by Jack Newman, MD, FRCPC
1. Women with flat or inverted nipples cannot breastfeed.
Not true! Babies do not breastfeed on nipples, they breastfeed on the breast. Though it may be easier for a baby to latch on to a breast with a prominent nipple, it is not necessary for nipples to stick out. A proper start will usually prevent problems and mothers with any shaped nipples can breastfeed perfectly adequately. In the past, a nipple shield was frequently suggested to get the baby to take the breast. This gadget should not be used, especially in the first few days! Though it may seem a solution, its use often result in poor feeding and severe weight loss, and makes it even more difficult to get the baby to take the breast. If the baby does not take the breast at first, with proper help, he will often take the breast later. Breasts also change in the first few weeks, and as long as the mother maintains a good milk supply, the baby will usually latch on, sooner or later.
2. A woman who becomes pregnant must stop breastfeeding.
Not true! If the mother and child desire, breastfeeding can continue. There are women who continue nursing the older child even after delivery of the new baby. Many women do decide to stop nursing when they become pregnant because their nipples are sore, or for other reasons, but there is no rush nor medical necessity to do so. In fact, there are often good reasons to continue. The milk supply may decrease during pregnancy, but if the baby is taking other foods, this is not a problem.
3. A baby with diarrhea should not breastfeed.
Not true! The best treatment for a gut infection (gastroenteritis) is breastfeeding. Furthermore, it is very unusual for the baby to require fluids other than breastmilk. If lactose intolerance is a problem, the baby can receive lactase drops, available without prescription, just before or after the feeding, but this is rarely necessary in breastfeeding babies. Get information on its use from the clinic. In any case, lactose intolerance due to gastroenteritis will disappear with time. Lactose free formula is not better than breastfeeding. Breastfeeding is better than any formula.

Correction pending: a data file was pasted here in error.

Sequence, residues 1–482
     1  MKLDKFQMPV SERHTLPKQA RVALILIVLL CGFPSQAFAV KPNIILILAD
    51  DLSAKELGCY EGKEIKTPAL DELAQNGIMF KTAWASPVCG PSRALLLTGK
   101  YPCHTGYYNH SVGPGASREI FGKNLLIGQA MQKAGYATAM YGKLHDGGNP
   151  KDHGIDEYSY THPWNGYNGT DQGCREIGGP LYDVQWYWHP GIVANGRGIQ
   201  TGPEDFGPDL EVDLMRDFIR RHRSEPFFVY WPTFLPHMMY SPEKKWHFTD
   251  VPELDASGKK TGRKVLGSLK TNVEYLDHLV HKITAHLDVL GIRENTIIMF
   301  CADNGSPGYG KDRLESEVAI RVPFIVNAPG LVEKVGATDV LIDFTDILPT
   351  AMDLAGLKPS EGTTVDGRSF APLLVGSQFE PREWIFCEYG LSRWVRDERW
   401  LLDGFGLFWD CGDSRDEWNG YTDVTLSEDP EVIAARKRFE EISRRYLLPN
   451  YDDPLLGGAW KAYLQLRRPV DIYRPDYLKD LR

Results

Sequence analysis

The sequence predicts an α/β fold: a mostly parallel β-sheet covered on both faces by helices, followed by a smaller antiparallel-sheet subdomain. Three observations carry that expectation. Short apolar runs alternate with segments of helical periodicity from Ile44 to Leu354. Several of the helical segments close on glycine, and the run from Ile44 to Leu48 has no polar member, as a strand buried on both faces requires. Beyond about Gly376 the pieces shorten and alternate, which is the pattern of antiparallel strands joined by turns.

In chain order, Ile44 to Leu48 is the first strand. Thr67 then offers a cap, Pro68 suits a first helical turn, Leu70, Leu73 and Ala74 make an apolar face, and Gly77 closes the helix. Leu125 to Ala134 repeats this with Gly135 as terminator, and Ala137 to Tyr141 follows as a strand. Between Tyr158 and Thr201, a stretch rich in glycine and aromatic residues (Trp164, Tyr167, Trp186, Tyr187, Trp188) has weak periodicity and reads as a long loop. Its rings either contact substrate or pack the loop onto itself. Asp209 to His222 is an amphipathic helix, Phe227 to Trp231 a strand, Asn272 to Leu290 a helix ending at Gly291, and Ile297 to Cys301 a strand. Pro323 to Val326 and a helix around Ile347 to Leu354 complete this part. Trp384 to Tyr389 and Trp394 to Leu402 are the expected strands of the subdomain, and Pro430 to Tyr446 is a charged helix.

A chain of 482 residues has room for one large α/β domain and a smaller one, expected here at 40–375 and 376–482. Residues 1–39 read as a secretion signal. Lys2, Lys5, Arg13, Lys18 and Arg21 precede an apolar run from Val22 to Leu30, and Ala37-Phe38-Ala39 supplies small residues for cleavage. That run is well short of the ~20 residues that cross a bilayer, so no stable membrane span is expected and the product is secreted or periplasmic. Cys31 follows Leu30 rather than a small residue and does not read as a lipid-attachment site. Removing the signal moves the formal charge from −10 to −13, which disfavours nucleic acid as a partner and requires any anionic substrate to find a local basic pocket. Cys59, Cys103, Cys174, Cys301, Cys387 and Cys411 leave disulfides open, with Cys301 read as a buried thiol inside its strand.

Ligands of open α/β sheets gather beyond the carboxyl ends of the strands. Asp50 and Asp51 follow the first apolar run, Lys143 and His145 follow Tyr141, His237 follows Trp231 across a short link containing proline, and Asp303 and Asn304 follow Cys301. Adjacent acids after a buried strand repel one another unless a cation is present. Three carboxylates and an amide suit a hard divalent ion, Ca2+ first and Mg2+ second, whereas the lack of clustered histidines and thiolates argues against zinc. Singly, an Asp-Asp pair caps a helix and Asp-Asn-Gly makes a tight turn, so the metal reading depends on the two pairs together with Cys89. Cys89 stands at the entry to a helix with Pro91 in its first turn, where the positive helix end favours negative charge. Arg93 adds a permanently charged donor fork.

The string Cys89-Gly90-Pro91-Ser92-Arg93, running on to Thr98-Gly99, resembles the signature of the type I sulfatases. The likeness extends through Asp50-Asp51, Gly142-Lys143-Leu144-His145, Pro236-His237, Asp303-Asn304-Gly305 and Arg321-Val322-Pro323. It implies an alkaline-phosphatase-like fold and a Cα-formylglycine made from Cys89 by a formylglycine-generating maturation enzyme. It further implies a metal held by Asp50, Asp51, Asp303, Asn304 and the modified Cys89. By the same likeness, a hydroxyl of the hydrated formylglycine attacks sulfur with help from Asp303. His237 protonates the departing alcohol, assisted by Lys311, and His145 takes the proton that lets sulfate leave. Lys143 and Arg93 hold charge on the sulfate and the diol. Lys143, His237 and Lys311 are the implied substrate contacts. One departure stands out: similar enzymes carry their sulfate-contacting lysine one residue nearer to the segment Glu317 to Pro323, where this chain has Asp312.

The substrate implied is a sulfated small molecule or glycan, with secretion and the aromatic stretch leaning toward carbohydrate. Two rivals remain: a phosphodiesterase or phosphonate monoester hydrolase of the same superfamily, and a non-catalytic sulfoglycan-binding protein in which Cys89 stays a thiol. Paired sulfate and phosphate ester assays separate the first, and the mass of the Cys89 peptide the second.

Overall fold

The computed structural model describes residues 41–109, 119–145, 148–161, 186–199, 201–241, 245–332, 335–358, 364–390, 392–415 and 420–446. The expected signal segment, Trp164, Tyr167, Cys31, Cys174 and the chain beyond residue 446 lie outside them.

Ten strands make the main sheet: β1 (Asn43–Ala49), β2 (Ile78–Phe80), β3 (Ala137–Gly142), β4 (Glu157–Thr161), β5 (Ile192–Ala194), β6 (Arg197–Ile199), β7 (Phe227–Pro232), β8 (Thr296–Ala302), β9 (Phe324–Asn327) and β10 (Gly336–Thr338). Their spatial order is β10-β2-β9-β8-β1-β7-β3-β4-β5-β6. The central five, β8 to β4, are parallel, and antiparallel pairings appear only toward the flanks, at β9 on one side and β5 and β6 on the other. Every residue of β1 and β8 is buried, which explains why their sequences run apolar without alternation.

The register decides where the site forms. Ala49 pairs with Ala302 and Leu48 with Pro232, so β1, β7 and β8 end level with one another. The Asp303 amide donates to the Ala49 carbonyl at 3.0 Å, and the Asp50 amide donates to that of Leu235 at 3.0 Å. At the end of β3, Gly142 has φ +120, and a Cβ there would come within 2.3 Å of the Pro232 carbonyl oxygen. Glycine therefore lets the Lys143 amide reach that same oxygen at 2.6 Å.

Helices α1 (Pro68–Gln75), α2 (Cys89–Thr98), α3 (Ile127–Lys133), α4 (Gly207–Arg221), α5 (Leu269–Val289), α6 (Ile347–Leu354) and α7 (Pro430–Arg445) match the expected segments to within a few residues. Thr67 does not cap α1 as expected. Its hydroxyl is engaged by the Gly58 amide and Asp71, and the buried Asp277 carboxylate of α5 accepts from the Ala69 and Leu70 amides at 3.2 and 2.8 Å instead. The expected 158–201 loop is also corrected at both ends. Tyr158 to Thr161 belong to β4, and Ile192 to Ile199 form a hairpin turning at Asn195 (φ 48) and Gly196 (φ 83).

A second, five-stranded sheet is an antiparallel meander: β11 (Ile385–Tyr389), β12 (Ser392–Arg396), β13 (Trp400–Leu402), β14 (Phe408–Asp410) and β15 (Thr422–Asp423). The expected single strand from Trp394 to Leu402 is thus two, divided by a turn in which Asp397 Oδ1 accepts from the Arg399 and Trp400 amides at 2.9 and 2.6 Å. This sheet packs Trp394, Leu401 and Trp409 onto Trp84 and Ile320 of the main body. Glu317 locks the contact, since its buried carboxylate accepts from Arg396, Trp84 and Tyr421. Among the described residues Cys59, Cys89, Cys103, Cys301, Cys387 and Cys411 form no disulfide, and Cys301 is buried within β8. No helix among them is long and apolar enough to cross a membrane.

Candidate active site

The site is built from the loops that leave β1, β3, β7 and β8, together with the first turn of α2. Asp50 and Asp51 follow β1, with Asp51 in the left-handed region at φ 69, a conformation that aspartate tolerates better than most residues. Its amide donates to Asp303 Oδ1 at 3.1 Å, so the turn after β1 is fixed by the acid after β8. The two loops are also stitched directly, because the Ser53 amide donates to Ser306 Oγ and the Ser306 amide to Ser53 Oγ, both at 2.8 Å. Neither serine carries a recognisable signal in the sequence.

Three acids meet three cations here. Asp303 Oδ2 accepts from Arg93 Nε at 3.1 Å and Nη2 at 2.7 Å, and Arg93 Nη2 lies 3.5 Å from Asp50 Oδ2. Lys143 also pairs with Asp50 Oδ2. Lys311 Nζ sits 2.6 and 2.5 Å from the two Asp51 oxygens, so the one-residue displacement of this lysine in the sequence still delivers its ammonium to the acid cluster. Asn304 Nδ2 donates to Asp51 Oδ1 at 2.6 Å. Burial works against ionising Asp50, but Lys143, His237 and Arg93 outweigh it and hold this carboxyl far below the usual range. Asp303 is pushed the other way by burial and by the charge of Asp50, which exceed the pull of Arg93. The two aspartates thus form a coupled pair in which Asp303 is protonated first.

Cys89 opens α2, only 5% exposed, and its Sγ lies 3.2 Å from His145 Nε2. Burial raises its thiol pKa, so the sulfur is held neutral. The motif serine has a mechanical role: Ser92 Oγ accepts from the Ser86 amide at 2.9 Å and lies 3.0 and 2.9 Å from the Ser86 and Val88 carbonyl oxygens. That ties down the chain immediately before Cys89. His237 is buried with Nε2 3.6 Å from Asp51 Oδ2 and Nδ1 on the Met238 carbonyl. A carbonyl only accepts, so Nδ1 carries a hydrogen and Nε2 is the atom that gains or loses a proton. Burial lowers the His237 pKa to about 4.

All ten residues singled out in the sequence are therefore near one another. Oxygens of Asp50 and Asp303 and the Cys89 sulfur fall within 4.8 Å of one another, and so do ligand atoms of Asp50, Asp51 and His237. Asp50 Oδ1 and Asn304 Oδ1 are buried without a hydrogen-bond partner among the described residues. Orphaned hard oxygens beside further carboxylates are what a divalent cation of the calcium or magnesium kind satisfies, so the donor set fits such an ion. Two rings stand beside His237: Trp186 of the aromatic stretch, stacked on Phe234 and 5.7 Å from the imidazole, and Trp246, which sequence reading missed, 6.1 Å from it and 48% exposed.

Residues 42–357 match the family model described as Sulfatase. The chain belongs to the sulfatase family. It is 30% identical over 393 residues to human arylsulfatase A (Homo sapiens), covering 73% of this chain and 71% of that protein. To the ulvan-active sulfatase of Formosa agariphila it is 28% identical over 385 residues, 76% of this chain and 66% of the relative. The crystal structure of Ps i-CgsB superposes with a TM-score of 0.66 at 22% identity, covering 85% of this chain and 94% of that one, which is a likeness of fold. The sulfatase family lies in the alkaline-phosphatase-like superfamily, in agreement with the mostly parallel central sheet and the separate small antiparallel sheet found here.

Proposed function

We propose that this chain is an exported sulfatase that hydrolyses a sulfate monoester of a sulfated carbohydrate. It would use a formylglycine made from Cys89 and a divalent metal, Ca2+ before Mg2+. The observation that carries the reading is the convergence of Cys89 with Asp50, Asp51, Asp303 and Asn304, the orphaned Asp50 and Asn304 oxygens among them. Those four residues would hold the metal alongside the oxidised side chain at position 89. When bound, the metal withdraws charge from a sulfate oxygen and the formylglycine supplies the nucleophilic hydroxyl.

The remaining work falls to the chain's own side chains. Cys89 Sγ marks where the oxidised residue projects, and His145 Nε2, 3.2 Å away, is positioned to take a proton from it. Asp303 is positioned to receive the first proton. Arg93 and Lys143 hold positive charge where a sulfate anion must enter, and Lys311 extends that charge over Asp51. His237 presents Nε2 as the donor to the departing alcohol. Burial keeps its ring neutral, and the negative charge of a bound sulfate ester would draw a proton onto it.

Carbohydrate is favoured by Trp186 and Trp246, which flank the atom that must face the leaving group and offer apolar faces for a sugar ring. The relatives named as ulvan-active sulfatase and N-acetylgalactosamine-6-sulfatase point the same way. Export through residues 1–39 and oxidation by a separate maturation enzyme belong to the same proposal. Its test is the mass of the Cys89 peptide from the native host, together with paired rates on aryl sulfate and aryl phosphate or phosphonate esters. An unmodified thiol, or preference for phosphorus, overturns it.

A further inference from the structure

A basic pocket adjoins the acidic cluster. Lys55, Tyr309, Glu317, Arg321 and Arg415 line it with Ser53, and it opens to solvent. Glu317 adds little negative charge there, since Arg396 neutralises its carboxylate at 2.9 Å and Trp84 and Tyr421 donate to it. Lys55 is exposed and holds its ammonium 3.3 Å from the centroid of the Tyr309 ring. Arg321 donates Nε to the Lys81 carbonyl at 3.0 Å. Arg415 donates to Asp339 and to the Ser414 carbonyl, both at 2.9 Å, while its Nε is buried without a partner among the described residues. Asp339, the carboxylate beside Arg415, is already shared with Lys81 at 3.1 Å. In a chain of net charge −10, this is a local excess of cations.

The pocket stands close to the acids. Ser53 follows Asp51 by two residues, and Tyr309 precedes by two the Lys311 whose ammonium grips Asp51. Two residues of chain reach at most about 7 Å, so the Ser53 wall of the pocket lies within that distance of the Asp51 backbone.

4. Babies will stay on the breast for 2 hours because they like to suck.
Not true! Babies need and like to suck, but how much do they need? Most babies who stay at the breast for such a long time are probably hungry, even though they may be gaining well. Being at the breast is not the same as drinking at the breast. Latching the baby better onto the breast allows the baby to nurse more effectively, and thus spend more time actually drinking. You can also help the baby to drink more by expressing milk into his mouth when he is no longer swallows on his own. Babies younger than 5-6 weeks often fall asleep at the breast because the flow of milk is slow, not necessarily because they have had enough to eat.
5. Babies need to know how to take a bottle. Therefore a bottle should always be introduced before the baby refuses to take one.
Not true! Though many mothers decide to introduce a bottle for various reasons, there is no reason a baby must learn how to use one. Indeed, there is no great advantage in a baby's taking a bottle. Since Canadian women are supposed to receive 26 weeks maternity leave, the baby can be started eating solids before the mother goes back to her outside work. The baby can even take fluids or solids that are quite liquidy off a spoon. At about 6 months of age, the baby can start learning how to drink from a cup, and though it may take several weeks for him to learn to use it efficiently, he will learn. If the mother is going to introduce a bottle, it is better she wait until the baby has been nursing well for 4-6 weeks, and then give it only occasionally. Sometimes, however, babies who take the bottle well at 6 weeks, refuse it at 3 or 4 months even if they have been getting bottles regularly (smart babies). Do not worry, and proceed as above with solids and spoon. Giving a bottle when breastfeeding is going badly is not a good idea and usually makes the breastfeeding even more difficult. For your sake and the baby's do not try to starve the baby into submission. Get help.